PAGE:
Thus, while on Twitter I will continue to provide match updates and news as well as venturing some opinions of my own, if any articles appear on this website, they will more than likely be rather general in nature relating to the league as a whole or, possibly, lengthy research pieces on Málaga and/or Granada.


No doubt other topics will emerge as potential candidates for articles. As can be gleaned from this update, I do have a habit of writing at length so am rather keen on undertaking some considerable research and then constructing extensive, and hopefully insightful, longform pieces. Ideas are welcome though I do already have some of my own that may or may not see the light of day.

Nevertheless, regardless of what does and does not come to fruition, I hope you now have a better idea of what my intentions are and feel curious enough to return to this site from time to time or at least follow me on Twitter. While there will not be one person who is attracted to everything that will be covered (if there is, I’m not sure even I would like to meet them), I hope that I can provide at least something of interest to everyone who passes by. I look forward to continuing what is, effectively, as cringeworthy as it sounds, language-driven football coverage and hope to get into contact with as many varied people as possible.



Venezuelans Abroad in Spain – Recap of Round 4 in the Primera División



Saturday 20 September 2014

Primera División

Athletic Bilbao 0-1 Granada

Match Summary

Athletic Bilbao suffered a Champions League hangover as their much-changed side slumped to their third defeat in four league games following an appalling defensive lapse that allowed the young Colombian Jhon Córdoba to score the winner after 39 minutes.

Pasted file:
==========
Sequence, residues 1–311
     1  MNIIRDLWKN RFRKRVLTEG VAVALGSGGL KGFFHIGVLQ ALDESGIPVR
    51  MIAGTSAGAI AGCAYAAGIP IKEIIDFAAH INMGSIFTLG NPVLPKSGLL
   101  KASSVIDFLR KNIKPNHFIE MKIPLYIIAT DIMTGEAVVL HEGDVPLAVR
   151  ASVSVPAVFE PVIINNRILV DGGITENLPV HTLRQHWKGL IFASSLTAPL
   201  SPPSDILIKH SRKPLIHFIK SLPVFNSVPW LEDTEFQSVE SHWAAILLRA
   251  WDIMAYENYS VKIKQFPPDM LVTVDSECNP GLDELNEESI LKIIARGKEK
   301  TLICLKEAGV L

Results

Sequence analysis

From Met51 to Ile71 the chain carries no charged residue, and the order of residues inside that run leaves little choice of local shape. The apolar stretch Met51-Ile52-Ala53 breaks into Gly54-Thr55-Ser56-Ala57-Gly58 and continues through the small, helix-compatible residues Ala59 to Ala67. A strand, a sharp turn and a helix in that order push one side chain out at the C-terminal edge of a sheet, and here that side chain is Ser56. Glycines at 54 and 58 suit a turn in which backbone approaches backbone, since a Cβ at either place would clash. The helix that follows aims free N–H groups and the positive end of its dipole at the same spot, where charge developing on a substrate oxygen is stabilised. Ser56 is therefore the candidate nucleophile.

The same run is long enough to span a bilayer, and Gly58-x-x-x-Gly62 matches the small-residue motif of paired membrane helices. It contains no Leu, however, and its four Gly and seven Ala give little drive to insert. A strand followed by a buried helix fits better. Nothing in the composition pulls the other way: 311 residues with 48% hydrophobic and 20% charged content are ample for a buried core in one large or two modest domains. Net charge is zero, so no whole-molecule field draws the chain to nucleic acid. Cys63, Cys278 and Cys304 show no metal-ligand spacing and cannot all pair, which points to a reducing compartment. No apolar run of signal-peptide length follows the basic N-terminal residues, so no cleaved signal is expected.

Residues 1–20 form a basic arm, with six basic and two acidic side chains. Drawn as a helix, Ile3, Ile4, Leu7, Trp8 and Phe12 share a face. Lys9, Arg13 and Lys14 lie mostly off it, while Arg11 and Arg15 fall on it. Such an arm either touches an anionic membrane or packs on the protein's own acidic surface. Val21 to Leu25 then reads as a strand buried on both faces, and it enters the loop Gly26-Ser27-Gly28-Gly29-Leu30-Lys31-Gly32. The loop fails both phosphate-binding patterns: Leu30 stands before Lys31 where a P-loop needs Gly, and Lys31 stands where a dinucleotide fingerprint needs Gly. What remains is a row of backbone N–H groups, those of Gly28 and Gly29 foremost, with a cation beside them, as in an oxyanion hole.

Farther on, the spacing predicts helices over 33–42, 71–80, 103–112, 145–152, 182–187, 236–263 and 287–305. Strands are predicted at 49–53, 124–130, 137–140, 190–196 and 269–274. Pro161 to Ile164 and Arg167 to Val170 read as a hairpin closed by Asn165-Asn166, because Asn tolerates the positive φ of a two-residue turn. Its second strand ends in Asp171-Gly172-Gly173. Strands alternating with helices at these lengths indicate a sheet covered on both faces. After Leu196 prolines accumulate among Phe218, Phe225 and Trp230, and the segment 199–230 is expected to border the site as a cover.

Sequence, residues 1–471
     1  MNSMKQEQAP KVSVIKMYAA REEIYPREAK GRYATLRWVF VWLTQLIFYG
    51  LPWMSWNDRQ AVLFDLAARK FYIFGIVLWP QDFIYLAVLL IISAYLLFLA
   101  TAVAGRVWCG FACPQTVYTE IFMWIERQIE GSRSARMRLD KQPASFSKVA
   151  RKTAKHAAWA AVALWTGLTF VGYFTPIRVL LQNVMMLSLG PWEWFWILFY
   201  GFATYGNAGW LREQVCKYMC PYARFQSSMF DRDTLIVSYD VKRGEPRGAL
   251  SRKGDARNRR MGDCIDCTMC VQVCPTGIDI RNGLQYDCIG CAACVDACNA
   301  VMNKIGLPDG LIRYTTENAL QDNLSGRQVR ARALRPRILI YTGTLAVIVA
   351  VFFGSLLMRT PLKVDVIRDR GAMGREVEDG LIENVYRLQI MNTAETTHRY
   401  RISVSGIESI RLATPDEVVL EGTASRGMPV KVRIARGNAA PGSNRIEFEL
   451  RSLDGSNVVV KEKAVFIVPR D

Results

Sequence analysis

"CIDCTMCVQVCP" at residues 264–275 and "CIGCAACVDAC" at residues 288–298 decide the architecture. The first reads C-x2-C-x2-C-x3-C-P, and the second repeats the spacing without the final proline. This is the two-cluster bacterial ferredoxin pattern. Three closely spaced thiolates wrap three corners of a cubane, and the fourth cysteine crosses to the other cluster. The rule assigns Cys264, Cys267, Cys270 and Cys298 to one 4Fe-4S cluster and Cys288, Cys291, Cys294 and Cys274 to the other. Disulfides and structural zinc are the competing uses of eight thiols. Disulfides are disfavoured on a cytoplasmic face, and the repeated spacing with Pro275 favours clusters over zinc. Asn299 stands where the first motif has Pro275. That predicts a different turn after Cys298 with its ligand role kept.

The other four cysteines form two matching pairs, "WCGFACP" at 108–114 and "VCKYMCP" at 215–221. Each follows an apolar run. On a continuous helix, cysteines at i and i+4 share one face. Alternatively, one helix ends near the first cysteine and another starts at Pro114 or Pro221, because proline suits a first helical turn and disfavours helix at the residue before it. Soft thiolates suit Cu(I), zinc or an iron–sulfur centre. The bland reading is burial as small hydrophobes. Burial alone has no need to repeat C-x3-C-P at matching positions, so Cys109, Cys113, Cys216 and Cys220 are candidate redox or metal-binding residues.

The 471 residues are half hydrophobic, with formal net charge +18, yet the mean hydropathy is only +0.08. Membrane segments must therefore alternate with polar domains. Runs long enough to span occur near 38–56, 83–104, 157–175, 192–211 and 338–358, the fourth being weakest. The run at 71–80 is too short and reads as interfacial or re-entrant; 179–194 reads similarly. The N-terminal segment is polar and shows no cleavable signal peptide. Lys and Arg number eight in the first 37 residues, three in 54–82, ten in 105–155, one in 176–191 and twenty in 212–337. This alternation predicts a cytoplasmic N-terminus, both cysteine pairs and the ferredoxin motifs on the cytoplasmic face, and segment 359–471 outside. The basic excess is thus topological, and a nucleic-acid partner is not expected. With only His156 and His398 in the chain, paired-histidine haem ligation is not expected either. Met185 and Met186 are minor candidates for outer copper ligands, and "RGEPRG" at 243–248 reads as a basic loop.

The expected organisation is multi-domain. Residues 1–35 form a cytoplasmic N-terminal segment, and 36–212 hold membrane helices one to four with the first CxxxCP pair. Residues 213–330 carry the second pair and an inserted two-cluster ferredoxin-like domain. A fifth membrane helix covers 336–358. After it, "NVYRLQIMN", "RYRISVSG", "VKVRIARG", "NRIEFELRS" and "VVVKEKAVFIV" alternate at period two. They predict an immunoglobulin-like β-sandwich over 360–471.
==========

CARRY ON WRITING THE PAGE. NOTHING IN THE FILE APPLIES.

Córdoba’s first goal for Granada came after he seized upon Ander Iturraspe’s complacent nonchalance on the ball forty yards from the Bilbao goal to drive towards goal and nutmeg Gorka Iraizoz.

Córdoba’s first start of the campaign alongside the young Success Isaac in attack was Granada’s fourth different strike-partnership in as many games. One man who was sidelined by this latest experiment was Darwin Machís who, despite starting in the opening game of the season and being a half-time substitute last week, was demoted back to the B side to play in their 1-1 away draw against Cádiz. Granada’s reserve side compete in Segunda B’s Group 4 (of 4), so to call this the Spanish third-tier is debatable given the variance in quality from the top of each group to the bottom.

Nevertheless, as he did not play, one hopes to be forgiven for not giving a more comprehensive report of the first-team’s match, though should you to wish to read one, please click here.

Saturday 20 September 2014